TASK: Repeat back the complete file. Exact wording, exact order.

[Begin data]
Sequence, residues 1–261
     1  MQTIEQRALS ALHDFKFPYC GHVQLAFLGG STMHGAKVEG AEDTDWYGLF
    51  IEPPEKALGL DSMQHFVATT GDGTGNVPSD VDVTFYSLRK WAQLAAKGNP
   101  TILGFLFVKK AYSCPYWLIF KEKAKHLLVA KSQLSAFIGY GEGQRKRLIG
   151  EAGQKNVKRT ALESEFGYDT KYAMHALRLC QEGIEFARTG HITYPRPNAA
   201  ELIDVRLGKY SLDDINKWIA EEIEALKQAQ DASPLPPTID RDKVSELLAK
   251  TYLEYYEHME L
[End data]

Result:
Sequence, residues 1–261
     1  MQTIEQRALS ALHDFKFPYC GHVQLAFLGG STMHGAKVEG AEDTDWYGLF
    51  IEPPEKALGL DSMQHFVATT GDGTGNVPSD VDVTFYSLRK WAQLAAKGNP
   101  TILGFLFVKK AYSCPYWLIF KEKAKHLLVA KSQLSAFIGY GEGQRKRLIG
   151  EAGQKNVKRT ALESEFGYDT KYAMHALRLC QEGIEFARTG HITYPRPNAA
   201  ELIDVRLGKY SLDDINKWIA EEIEALKQAQ DASPLPPTID RDKVSELLAK
   251  TYLEYYEHME L